• Aligning information systems with business strategy (e.g. strategic importance of information systems; information systems for competitive advantage; information systems for competitive necessity).
C. OPERATIONS MANAGEMENT (20%)
• Supply chain management as a strategic process.
• An overview of operations strategy and its importance to the firm.
• Supply chains in competition with each other; role of supply networks; demand networks as an evolution of supply chains.
• Design of products/services and processes and how this relates to operations and supply.
• The concept of sustainability in operations management.
• Different methods of quality measurement (e.g. Servqual).
• Approaches to quality management, including Total Quality Management (TQM), various British and European Union systems as well as statistical control processes.
• External quality standards.
• Systems used in operations management: Manufacturing Resource Planning II (MRPII); Optimized Production Techniques (OPT) and Enterprise Resource Planning (ERP).
• Use of process maps to present the flow of information and product across supply chains and networks.
• Methods for managing inventory, including continuous inventory systems (e.g. Economic Order Quantity, EOQ), periodic inventory systems and the ABC system (Note: ABC is not an acronym; A refers to high value, B to medium and C to low value inventory).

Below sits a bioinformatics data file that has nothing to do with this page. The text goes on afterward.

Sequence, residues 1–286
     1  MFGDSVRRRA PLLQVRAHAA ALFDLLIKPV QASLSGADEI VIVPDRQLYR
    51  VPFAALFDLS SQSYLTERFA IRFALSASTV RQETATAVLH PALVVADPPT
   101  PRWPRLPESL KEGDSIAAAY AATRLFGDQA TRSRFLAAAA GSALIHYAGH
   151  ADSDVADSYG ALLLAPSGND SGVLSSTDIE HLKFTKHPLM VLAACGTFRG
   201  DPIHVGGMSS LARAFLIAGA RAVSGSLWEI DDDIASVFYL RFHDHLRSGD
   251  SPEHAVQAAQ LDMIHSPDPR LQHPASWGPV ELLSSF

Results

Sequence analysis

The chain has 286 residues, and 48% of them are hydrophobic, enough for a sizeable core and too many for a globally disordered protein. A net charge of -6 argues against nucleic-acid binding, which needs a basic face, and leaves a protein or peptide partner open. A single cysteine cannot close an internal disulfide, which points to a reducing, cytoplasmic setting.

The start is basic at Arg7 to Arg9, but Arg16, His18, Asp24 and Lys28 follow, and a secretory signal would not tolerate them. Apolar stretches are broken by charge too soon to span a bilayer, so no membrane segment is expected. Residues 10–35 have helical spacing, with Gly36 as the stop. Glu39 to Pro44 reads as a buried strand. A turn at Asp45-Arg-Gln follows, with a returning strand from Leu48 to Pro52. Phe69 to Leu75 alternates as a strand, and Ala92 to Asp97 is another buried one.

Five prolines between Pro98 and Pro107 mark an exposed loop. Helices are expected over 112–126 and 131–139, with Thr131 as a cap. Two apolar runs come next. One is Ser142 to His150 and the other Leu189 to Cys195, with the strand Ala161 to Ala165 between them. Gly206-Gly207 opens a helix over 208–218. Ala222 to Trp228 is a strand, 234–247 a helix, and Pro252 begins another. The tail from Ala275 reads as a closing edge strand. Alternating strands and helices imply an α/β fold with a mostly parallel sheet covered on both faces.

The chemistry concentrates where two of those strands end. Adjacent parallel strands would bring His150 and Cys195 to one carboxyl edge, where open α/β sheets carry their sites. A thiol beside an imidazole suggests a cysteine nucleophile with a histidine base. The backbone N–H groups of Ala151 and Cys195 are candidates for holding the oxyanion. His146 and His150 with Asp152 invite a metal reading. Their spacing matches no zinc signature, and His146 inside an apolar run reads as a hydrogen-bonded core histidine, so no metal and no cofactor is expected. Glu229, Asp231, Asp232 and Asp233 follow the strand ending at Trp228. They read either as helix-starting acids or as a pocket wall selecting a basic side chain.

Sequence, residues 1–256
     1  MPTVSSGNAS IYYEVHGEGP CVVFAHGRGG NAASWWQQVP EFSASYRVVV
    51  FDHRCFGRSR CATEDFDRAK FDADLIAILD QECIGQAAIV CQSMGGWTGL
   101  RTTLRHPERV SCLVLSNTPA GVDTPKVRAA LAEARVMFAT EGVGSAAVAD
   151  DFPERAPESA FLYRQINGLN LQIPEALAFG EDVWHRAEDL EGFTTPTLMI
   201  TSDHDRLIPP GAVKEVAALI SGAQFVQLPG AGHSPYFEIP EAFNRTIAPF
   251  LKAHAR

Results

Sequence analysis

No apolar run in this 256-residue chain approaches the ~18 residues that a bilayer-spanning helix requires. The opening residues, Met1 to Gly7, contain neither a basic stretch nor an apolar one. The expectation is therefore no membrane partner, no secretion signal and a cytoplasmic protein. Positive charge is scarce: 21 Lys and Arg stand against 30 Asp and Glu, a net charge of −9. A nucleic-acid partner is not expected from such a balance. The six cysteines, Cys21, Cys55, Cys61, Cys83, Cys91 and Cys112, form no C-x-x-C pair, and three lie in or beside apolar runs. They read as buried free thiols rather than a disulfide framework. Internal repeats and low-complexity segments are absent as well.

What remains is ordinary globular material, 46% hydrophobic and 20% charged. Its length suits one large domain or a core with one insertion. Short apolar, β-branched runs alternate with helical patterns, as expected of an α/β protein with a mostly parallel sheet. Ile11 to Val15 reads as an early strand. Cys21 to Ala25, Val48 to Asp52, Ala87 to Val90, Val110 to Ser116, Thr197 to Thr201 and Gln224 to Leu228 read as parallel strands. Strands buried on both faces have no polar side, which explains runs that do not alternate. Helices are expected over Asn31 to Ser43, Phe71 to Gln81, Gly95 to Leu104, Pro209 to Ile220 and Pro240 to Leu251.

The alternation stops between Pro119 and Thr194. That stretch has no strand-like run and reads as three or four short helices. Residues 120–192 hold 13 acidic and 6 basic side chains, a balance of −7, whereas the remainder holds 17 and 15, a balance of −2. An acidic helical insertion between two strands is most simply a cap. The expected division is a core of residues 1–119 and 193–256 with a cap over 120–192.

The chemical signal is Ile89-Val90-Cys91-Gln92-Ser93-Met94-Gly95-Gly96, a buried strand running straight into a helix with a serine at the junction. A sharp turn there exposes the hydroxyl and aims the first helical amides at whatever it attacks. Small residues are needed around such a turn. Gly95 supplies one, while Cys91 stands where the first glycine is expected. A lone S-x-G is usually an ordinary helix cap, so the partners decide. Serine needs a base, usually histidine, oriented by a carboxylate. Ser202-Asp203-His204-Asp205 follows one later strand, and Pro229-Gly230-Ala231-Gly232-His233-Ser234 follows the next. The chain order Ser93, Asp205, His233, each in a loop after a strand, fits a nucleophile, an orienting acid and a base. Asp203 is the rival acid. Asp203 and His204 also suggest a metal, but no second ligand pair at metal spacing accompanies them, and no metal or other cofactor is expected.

• Methods of managing operational capacity in product and service delivery (e.g. use of queuing theory, forecasting, flexible manufacturing systems).
• Application of lean techniques to services.
• Practices of continuous improvement (e.g. Quality circles, Kaizen, 5S, 6 Sigma).
• The characteristics of lean production.
• Criticisms and limitations of lean production.
• Developing relationships with suppliers, including the use of supply portfolios.
D. MARKETING (20%)
• The marketing concept as a business philosophy.
• The marketing environment, including societal, economic, technological, political and legal factors affecting marketing.
• Marketing in not-for-profit organisations (i.e. charities, non-governmental organisations; the public sector).
• Theories of consumer behaviour (e.g. social interaction theory), as well as factors affecting buying decisions,
types of buying behaviour and stages in the buying process.
• Social marketing and corporate social responsibility.
• Market research, including data gathering techniques and methods of analysis.
• Segmentation and targeting of markets, and positioning of products within markets.